A phishing attack is one of the most common ways that hackers gain access to your system, either by using it to collect your login data or trick you into installing software that gives them access. Alternatively, the hacker might use the information they gather to ask you for payment, such as sending you a fake invoice for outstanding payments to a vendor.


Ransomware is malicious software that could be uploaded to a firm’s computer system.

A ransomware attack can steal sensitive information, cut off access for users, or otherwise disable your computer system. The hackers can then demand a ransom to restore the system to normal.

Phishing attacks are a common method of delivering ransomware.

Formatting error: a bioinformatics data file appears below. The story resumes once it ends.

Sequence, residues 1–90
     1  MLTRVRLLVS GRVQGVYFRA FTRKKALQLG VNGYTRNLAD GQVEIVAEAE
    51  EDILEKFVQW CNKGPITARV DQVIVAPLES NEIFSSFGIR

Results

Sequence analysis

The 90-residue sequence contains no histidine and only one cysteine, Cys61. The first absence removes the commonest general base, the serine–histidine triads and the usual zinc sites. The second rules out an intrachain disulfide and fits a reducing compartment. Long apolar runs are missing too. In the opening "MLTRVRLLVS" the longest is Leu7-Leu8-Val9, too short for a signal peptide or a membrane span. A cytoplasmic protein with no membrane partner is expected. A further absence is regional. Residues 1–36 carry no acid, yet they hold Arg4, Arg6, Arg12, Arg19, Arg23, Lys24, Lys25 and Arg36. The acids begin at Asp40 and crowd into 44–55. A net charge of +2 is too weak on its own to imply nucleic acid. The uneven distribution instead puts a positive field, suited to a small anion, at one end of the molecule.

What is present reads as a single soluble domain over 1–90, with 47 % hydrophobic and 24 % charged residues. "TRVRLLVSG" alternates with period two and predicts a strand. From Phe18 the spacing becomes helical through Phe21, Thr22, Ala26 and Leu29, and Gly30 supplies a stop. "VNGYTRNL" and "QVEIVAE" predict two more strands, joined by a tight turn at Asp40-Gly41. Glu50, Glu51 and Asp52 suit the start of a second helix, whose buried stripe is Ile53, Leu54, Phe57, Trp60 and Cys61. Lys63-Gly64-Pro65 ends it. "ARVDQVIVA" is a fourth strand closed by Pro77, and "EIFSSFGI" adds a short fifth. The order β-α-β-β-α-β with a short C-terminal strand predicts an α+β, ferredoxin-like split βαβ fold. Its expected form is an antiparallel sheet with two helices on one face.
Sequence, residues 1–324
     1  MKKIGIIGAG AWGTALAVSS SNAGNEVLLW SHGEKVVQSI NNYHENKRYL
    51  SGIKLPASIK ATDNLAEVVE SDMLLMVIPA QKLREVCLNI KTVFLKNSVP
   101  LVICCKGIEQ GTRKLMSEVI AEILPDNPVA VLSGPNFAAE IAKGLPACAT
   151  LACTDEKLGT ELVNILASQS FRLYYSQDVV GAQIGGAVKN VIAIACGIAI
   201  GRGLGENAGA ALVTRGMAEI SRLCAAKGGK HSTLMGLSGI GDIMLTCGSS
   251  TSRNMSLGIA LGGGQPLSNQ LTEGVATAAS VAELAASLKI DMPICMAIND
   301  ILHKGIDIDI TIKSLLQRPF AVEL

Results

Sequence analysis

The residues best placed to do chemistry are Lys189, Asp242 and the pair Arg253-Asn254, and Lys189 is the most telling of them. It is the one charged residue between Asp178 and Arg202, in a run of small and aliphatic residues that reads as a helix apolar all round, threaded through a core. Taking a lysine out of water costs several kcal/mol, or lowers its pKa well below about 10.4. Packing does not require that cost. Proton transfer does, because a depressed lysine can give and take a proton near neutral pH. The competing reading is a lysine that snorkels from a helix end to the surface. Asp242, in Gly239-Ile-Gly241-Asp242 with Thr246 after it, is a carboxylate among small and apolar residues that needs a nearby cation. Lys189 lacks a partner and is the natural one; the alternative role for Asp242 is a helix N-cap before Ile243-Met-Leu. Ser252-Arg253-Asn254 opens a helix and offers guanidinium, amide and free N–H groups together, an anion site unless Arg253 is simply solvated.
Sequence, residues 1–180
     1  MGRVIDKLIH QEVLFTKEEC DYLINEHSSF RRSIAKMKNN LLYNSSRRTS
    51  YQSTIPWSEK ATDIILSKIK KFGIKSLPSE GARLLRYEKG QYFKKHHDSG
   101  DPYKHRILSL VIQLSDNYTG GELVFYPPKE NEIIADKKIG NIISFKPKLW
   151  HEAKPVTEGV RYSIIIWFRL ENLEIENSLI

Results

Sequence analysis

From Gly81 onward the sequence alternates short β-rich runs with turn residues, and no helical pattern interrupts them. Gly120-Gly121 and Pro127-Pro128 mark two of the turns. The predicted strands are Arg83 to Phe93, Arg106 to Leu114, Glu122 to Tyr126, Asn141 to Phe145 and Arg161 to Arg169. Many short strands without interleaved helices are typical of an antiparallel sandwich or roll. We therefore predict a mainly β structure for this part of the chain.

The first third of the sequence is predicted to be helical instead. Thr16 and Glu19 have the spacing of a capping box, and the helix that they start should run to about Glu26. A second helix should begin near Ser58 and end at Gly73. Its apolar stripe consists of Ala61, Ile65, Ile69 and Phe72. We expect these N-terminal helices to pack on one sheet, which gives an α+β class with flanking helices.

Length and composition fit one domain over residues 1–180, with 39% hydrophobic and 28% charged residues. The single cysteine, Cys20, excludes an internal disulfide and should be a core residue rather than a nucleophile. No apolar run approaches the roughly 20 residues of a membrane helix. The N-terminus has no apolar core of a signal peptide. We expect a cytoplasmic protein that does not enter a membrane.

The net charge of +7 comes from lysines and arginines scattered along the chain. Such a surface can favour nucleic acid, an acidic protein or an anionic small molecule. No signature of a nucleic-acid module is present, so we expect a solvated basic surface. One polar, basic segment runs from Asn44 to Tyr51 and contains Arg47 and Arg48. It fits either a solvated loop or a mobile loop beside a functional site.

You might also pick up ransomware by clicking links on someone’s hacked website, or from social media messages that come from hacked users. If you ever get an unexpected message from a social media friend asking you to click a link to see a video or “check this out,” don’t click on it until you’ve talked to them through a different communication method and verified that they really did send that message.

Password theft

Another common cybersecurity risk is password theft.

This theft is often due to the usage of weak passwords, which are more easily stolen or guessed. Using your pet’s name, your anniversary, or highly common passwords like Password123! make you especially vulnerable.

Your firm members should not be reusing passwords for different systems. In addition, your passwords should not be easy to guess, and they should be reset regularly.

What steps can a law firm take for improved cybersecurity?